Cracks in the shell are usually caused by ground movement, uplift, or roots. However, as fiberglass shells start to age, they may develop cosmetic fatigue cracks that detract from the pool’s appearance, but don’t leak.
To identify the source of your underwater pool leak, you can start by injecting dye into the swimming pool near the suspect spots. You can use methyl red dye – which is used for pH testing – or any red food color. To perform this test, place a syringe filled with red color near the suspected leak area underwater, slowly injecting the color and then checking for leaks. If repeated dye testing fails to give you results, then try another technique that will help you identify the crack’s location. Turn off the pump and plug off the pipes. Now let the water level of the pool drop and check where it stabilizes. It will stabilize below the leak level, allowing you to narrow down the location of the leak.
Fiberglass Pool Maintenance 101
As mentioned earlier, maintaining a fiberglass pool is much easier than a concrete pool. The gel surface coat of a fiberglass swimming pool is nonporous and smooth, leaving little to no room for the growth of algae. This saves you from brushing and other rigorous cleaning work typically required for its concrete counterpart. However, if algae still manages to enter your pool, River Pools provides step-by-step instructions for eliminating it in 24 hours by using the SLAM (Shock, Level, And Maintain) method to shock the pool.
Cleaning products for a fiberglass swimming pool – With a concrete pool, you need to go for acid washing and steel brushing when it comes to cleaning your pool – but for fiberglass pools, the scenario is quite different. Writing for River Pools, fiberglass pool expert Holly Jender recommends the following approach:
“Fiberglass pools require a gentler touch in terms of cleaning products and tools. Harsh cleaners can damage the gelcoat and even change the water chemistry. Use a damp rag and a simple pool cleaner to remove dirt and grime without damaging your pool.”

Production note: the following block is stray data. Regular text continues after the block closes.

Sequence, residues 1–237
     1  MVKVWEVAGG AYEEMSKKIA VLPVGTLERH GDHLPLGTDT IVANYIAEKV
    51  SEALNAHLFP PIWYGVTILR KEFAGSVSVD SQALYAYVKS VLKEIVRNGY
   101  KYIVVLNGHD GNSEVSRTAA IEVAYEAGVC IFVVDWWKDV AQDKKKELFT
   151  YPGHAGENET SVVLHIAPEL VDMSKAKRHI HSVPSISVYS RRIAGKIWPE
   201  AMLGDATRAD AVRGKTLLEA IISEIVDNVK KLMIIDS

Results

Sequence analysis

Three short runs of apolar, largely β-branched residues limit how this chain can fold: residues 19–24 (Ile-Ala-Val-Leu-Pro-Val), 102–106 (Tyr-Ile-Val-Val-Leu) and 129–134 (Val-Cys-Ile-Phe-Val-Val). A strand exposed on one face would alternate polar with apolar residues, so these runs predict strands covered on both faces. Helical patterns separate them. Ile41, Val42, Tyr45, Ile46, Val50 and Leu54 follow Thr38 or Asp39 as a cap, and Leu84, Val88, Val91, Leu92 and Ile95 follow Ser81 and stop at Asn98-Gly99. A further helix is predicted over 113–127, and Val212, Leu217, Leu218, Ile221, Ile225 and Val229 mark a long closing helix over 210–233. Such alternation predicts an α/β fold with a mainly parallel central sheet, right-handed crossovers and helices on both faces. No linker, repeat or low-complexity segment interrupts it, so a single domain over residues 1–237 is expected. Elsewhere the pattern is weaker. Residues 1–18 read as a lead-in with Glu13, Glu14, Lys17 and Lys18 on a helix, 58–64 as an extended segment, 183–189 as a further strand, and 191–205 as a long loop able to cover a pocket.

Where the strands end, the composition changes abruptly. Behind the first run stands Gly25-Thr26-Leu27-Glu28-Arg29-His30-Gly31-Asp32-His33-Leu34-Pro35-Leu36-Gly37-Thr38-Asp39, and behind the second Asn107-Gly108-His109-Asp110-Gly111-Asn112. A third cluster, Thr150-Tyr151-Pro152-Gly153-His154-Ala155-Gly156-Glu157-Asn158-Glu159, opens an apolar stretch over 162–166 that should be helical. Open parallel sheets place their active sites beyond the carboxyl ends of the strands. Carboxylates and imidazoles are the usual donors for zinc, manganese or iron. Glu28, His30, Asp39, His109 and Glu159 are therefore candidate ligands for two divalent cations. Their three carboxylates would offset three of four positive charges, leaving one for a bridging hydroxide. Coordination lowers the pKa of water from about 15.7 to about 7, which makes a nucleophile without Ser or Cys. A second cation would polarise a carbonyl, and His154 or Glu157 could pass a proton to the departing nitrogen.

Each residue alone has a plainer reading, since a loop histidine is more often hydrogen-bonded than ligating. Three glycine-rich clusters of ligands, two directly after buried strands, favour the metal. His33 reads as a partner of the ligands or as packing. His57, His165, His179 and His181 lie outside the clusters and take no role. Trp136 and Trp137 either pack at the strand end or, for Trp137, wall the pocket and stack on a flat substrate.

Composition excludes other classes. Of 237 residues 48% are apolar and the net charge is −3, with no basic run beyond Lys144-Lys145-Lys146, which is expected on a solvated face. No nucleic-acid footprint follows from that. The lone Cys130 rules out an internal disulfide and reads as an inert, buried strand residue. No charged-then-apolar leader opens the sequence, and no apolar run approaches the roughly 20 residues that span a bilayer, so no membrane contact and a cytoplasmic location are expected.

Check your pool water chemistry – All pools must have proper levels of the following:
- Total alkalinity
- Free chlorine
- Cyanuric acid
- Calcium hardness
Fiberglass swimming pools usually need less adjustment, as their surface is inert, which doesn’t affect the water chemistry.
Run your pool filter – We all know that all swimming pools require a filter system. But how long do you need to run it? Fiberglass swimming pools require only one circulation per day to keep the pool’s water clear and clean. This will save you electrical energy and money.
You can also use the following formula to calculate the time for which you need to run your pool filter:
Hours to run the pool filter = pool volume ÷ filtration rate
The Take-Home Message
With regular maintenance and checking for early signs of pool leaks, your fiberglass pool will ensure that your summer is all about carefree fun for many years to come!
Certified Leak Detection has more than 30 years of experience in leak detection and repair for swimming pools, spas and hot tubs, as well as slabs and foundations. Serving areas throughout Central Florida – including Orlando, Longwood, Lake Mary, Sanford, Kissimmee, Clermont and Winter Springs – our team is ready to answer your call.
Contact us for quick, reliable service.